An economic stimulus package is an attempt by the government to boost economic growth and lead the economy out of a recession or economic slowdown. The two main ways for stimulating the economy are expansionary monetary policy and expansionary fiscal policy. Though it tends to refer to fiscal policy.
This involves a change in spending or taxation in order to influence aggregate demand. A Fiscal stimulus could involve:
- Tax cuts. Cutting income taxes increases disposable income and therefore causes people to spend more.
- Tax cuts are more effective if they are targeted at people on low incomes because low income earners have a higher marginal propensity to consume.
- Government spending increases. Higher government spending represents an injection into the economy and should cause higher Aggregate demand.
2009 economic stimulus in US
In 2009, the sharp rise in the federal deficit indicates two things:
- Recession led to fall in tax revenues
- Economic stimulus of Obama administration.
Potential problems of fiscal expansion
- Higher government borrowing, leading to higher debt to GDP.
- May not be effective in increasing aggregate demand. E.g. people may save their tax cuts.
- May cause crowding out – This is when higher government spending leads to an equivalent fall in private sector spending. However, Keynesians argue if the stimulus package is implemented in a period of a negative output gap, crowding out will not occur because there are surplus savings in the economy.
- It depends on the size of the multiplier effect
Different types of fiscal stimulus
If Congress cut taxes for the wealthy and highest earners, this stimulus would have a small multiplier effect. This is because if the wealthy gain tax cuts, they may only spend a small percentage of the extra income.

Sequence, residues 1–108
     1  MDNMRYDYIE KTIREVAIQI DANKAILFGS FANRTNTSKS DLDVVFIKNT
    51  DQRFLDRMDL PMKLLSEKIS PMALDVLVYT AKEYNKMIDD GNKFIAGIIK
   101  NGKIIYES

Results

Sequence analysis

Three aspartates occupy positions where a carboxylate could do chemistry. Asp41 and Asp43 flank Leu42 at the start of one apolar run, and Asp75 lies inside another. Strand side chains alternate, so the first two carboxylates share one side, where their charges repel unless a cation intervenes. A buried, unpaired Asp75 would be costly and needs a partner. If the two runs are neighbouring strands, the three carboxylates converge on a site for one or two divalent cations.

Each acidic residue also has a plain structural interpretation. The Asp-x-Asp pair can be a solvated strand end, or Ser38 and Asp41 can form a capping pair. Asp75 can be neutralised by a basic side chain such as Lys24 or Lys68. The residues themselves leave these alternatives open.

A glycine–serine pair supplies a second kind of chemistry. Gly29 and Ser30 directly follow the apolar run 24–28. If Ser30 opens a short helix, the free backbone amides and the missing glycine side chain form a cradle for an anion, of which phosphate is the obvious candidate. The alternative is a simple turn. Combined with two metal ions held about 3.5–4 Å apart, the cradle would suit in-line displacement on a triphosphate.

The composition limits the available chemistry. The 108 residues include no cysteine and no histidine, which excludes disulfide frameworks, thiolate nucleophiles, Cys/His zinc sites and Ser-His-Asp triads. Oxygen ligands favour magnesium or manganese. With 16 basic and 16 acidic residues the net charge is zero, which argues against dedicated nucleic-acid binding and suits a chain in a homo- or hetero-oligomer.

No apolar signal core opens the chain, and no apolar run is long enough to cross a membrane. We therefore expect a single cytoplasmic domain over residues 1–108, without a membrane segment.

If low income earners receive tax cuts, the multiplier effect will be great because they will spend a higher percentage of this extra income.
Infrastructure spending vs transfer payments
The most effective types of stimulus in Keynesian models tends to be infrastructure spending which involves hiring unemployed workers. If the unemployed gain work, the multiplier effect will be larger. If the stimulus involves cash transfers (e.g. higher pensions) there will be less direct effect on the economy.
The impact on wider economy also depends on how efficient the infrastructure spending is. For example, if the spending helps to reduce traffic congestion, the economy will benefit from long-term supply side benefits too. If the infrastructure spending goes on misplaced projects, the productivity effects will be much less. Some economists argue, it can be difficult to find sufficient infrastructure spending projects to spend money on all at once.
However, it is worth pointing out Keynes argued the primary goal of fiscal stimulus was to boost aggregate demand and policies were worth pursuing in a recession – even if it involved digging holes in the ground.
Cutting interest rates should increase consumer spending and investment.
Lower interest rates:
- Reduce cost of borrowing
- Reduce mortgage interest payments increasing disposable income
- Reduce incentive to save
- Depreciation in the exchange rate which can boost exports.